Testimony and War Memories in Japan: Introduction
“Testimony and War Memories in Japan”, comprising two essays and an introduction, brings together a most unlikely pair of Japanese authors: Kurahashi Ayako and Kobayashi Yoshinori. The first essay, “War and Responsibility in a Japanese Family”, is a selection of extracts from Kurahashi Ayako’s autobiographical book My Father’s Dying Wish (Paulownia Press, 2009). It describes the effects on her and her family of her father’s deathbed request: for an apology to be placed on his gravestone for his actions as a military policeman (kempei) in China during World War II. The second essay, “Historiography and War Nationalism in Japan”, is a study of the uses of testimony within Kobayashi Yoshinori’s bestselling manga Sensōron, On War (Gentōsha, 1998).
In terms of their positions on war history and Japan’s war responsibility stemming from its actions during World War II, Kurahashi and Kobayashi could hardly be further apart. Kurahashi is a retired schoolteacher and progressive activist with interests in Japan’s China War and the “comfort women” issue. A staunch critic of the Japanese government’s responses to war responsibility issues, Kurahashi calls for sincere official apologies and payment of compensation to victims of Japanese aggression.
Philip Seaton and Kurahashi Ayako
By contrast, Kobayashi is a neonationalist manga artist. He was at the forefront of campaigns by the Japanese Society for History Textbook Reform (Atarashii Rekishi Kyōkasho wo Tsukurukai) to promote more patriotic history in the late 1990s and early 2000s. He denies Japanese atrocities, such as the 1937 Nanjing Massacre, and lauds the spirit and sacrifice of the war generation, particularly kamikaze pilots. Kobayashi considers apologies and compensation for Japanese war actions anathema. He calls for Japanese people to shake off their ‘masochistic’ historical views and revere the war generation.
Their public profiles are very different, too. Kurahashi enjoys modest success as an author. She has a number of novels to her credit, as well as the autobiographical book My Father’s Dying Wish and some non-fiction articles, including in the magazine Sekai (World). Almost all her writings address war responsibility issues. However, she is largely unknown outside progressive activist circles. The Japanese original of My Father’s Dying Wish (Kempei datta chichi no nokoshita mono, Kōbunken, 2002) had a modest readership, having sold around 4,000 copies by 2009.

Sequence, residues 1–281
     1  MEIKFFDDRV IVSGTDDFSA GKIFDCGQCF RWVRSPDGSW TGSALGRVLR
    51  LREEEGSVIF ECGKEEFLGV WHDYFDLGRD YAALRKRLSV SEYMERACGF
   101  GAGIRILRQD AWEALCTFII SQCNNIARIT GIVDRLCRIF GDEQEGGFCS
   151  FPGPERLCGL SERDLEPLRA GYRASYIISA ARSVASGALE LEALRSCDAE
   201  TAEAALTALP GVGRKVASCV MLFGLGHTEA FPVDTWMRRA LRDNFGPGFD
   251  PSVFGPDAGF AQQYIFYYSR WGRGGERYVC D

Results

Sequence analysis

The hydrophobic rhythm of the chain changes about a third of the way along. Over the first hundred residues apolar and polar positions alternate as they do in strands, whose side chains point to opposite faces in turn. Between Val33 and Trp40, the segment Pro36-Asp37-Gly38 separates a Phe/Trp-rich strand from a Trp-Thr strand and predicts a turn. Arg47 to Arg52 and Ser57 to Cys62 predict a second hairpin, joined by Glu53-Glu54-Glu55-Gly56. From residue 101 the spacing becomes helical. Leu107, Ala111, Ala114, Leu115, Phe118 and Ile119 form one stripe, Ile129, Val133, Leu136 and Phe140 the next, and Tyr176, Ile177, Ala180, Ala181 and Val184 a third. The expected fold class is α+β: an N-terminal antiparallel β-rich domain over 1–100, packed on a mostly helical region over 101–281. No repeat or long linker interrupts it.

By contrast, Kobayashi is prolific and famous. His book Sensōron and other writings have sold many millions of copies. His manga series, Shin Gōmanizumu Sengen (A New Declaration of Arrogance), has been featured in the weekly magazine Sapio since 1995 (and in SPA! 1991-5). While focusing heavily on the Asia-Pacific War, he has campaigned on a wide range of other issues, too, from HIV-tainted blood products in the 1990s to the so-called “war on terror” in the 2000s. Kobayashi’s sharp humor, his vivid, at times memorable works as a manga artist, and a brash style have appealed to many, particularly to Japanese youth. He is arguably the most influential rightwing protagonist in the war history debates of the past decade.
However, Kurahashi and Kobayashi also have surprising amounts in common. Both are from the immediate postwar generation: Kurahashi was born in 1947 and Kobayashi in 1953. Neither has to deal with issues of personal responsibility or the traumas of personal war experiences, yet both grew up in the decades immediately following the war. Both were heavily influenced by their relationships with a particularly loved relative who served as a soldier during the war: Kurahashi’s father was a military policeman in Manchuria and China, while Kobayashi’s grandfather was a soldier in New Guinea. As the two essays reveal, these family backgrounds are central to their motivations to address war issues.
Another commonality is the theme of individual responsibility, which is central to both authors’ work as they consider their relatives’ wartime actions and more generally those of Japanese soldiers. Mainstream war discourse in Japan has generally attributed responsibility to “the military” and wartime leaders (particularly those convicted as Class A War Criminals such as General Tōjō Hideki . . . but not the emperor). Ordinary soldiers, by contrast, are often portrayed as victims of a brutal military system or as individuals caught up in tragic events beyond their control. Kurahashi, however, ultimately concludes that her father bears individual responsibility for his war actions. After much soul-searching she is unable to escape the painful conclusion that her father did “many inexcusable things” to the Chinese people. By contrast, Kobayashi cannot conceive of his grandfather as bearing responsibility for any crime; rather, he casts him in a heroic light for the very fact of having served his nation. Kobayashi’s focus on the individual relates to what he considers to be the selfish nature of contemporary Japanese society in comparison to the self-sacrifice of the war generation. He is particularly keen to ask whether members of today’s younger generation are prepared to sacrifice their lives for the greater good of the nation, as the kamikaze did during the war.